- Spelling mistakes and grammatical errors. ...
- Inaccuracies about your qualifications or experience. ...
- Unnecessary personal information. ...
- Your age. ...
- Negative comments about a former employer. ...
- Too many details about your hobbies and interests.
Include up-to-date, relevant information, experience, skills, and examples in all of your resume sections. Attach a meaningful cover letter that will sweep the recruiter off their feet. Proofread, proofread, proofread. Stick to the truth.Should you list all skills on resume? ›
Don't lie about your qualifications or stretch the truth to fit the job description. Avoid listing general skills. Emphasize specific technologies and abilities. Highlight your skills that match the requirements listed in the job advertisement.
- A degree (or other academic qualification)
- An industry specific certification.
- Coding ability.
- Foreign language skills.
- Typing speed.
- SEO marketing.
- Computer skills.
Please mention the year of finishing your 10 and 12 board with marks (in percentage) obtained. Also give your CGPA in all cases. You can mention your position in the class if it is 1st or 2nd or top 5% of the class. You can also write if you were in the state/ national merit list.What are the 3 most important things to look for in a resume? ›
Including the most important parts of a resume is crucial to providing potential employers with an in-depth outline of your qualifications, experience and education. Commonly suggested parts are your contact information, resume profile or summary, experience, education and skills.What is the first rule of thumb for resume writing? ›
Keep the text short and easy to read. In describing your experience and positions, always start with an action verb, and use present and past tense when possible. Each point you are making should be made using only one line.What do companies look for in a resume? ›
Metrics. A surefire answer to the question "What do employers look for in a resume?" Data, proof, success stories. However you put it, hiring managers love seeing quantifiable achievements.What are hard and soft skills? ›
Soft skills are those skills that come naturally and uniquely to everyone. Soft skills include leadership, effective communication, teamwork, time management, motivation and adaptability. On the other hand, hard skills are those that are gained through hands-on experience, training, or education.How do you list your skills? ›
On your resume, list only skills that are relevant to the job, scan the job listing for must-have skills and list those (if you have them), pair each skill with a responding proficiency level, back up your skills with other resume sections, mention transferable and universal skills.How do you list hard and soft skills on a resume? ›
For a chronological resume, you can separate your skills into hard and soft skills or list them all together. Use a bullet point for each skill. You can also put them side by side to save space, separating each skill with a comma or line.What are the skills companies are looking for in 2022? ›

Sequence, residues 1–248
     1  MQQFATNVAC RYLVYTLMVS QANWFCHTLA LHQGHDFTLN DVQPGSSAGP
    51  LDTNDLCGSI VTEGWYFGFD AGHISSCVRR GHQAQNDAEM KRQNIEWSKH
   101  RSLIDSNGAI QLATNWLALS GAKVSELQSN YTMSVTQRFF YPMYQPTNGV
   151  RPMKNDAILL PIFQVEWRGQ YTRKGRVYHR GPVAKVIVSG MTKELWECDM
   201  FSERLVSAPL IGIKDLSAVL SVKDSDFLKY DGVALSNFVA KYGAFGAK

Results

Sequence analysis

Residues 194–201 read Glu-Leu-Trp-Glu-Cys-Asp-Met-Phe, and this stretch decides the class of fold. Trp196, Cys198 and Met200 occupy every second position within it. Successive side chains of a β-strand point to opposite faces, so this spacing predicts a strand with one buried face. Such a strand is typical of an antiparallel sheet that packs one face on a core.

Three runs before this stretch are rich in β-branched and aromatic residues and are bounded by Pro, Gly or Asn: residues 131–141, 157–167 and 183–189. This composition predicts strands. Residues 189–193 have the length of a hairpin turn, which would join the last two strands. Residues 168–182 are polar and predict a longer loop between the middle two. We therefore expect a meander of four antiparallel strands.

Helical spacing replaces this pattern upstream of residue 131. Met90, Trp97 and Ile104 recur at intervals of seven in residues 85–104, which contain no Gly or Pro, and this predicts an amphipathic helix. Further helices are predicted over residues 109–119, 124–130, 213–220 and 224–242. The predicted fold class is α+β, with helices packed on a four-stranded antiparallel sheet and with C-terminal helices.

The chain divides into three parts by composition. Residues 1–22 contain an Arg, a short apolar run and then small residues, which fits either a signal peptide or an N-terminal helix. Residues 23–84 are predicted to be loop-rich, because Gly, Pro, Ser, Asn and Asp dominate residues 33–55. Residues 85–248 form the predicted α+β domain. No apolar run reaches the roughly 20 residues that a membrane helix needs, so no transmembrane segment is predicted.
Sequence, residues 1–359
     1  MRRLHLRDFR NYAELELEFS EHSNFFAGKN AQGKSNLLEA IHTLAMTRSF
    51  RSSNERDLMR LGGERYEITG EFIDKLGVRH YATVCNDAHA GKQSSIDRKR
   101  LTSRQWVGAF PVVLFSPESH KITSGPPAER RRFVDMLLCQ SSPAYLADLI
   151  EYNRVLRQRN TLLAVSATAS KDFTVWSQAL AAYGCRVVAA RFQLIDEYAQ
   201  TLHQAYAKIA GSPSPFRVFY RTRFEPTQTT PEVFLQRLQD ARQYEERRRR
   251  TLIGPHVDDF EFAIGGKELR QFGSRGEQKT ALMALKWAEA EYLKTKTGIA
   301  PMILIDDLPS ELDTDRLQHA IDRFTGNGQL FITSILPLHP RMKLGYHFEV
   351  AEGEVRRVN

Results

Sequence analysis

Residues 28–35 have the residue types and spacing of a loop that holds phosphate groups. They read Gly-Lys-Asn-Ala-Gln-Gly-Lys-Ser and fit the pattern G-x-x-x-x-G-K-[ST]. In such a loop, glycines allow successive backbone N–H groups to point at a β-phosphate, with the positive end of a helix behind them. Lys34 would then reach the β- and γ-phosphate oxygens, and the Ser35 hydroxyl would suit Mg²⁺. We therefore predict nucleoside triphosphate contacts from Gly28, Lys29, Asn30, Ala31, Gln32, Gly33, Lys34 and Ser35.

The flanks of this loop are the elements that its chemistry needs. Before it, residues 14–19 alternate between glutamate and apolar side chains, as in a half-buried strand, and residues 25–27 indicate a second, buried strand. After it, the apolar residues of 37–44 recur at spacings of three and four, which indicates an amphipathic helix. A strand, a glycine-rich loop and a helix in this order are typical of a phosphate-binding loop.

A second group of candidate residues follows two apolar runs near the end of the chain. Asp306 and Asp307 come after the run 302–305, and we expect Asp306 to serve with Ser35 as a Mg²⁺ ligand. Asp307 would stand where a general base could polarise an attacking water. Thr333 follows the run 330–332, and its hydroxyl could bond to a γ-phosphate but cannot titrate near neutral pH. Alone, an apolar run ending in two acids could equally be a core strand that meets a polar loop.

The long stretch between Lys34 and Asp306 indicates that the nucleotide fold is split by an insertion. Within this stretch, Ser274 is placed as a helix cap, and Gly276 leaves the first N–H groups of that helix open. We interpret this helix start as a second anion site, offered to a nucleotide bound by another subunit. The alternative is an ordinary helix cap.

- Agility, Flexibility And Adaptability. Agility, flexibility and adaptability are three skills in demand. ...
- Modern Communication. Modern communication is an essential skill. ...
- Emotional Intelligence. ...
- Creative Thinking. ...
- Networking Skills. ...
- Data Analysis. ...
- Objective Self-Recognition. ...
- Critical Thinking.
The Highlight Reel resume summary consists of 4 parts: 1A relevant section title that ties your experience to the role. 2An introductory bullet that summarizes your experience and high level value. 3A few supporting “Case Study” bullets that illustrate specific results, projects, and relevant experience.
- Teamwork. With effective teamwork, teams are more productive, deadlines are met, relationships with your team members are stronger and knowledge is shared. ...
- Problem solving. ...
- Communication. ...
- Adaptability. ...
- Critical thinking. ...
- Time management. ...
What are the skills required for high-paying jobs? They are Soft Skills, Algorithms Designer, Cloud Computing, UI Designer, Online Frameworks, Software Computing, and more.What is the most profitable skill to learn? ›
- Search engine optimisation (SEO)
- Search engine marketing (SEM)
- Content marketing.
- Influencer marketing.
- Content automation.
- Campaign marketing.
- Data-driven marketing.
- E-commerce marketing.
- Keyword research. First and foremost, employers want to know if you're qualified for the job. ...
- Embellished skills. ...
- Overall career progression. ...
- Personal brand and online presence.
An effective resume summary typically follows the following structure: Your experience summary (how many years, doing what, etc.) Your general experience (more specific skills, what's your focus) Your top achievements (career highlights, include quantifiable change and data)How do you sell yourself on a resume? ›
- Use professional contact information. The first step toward standing out when submitting a resume for a job application is to ensure you're providing employers with accurate and professional contact information. ...
- Narrow down your credentials. ...
- Keep it brief. ...
- Emphasize your strengths. ...
- Be honest.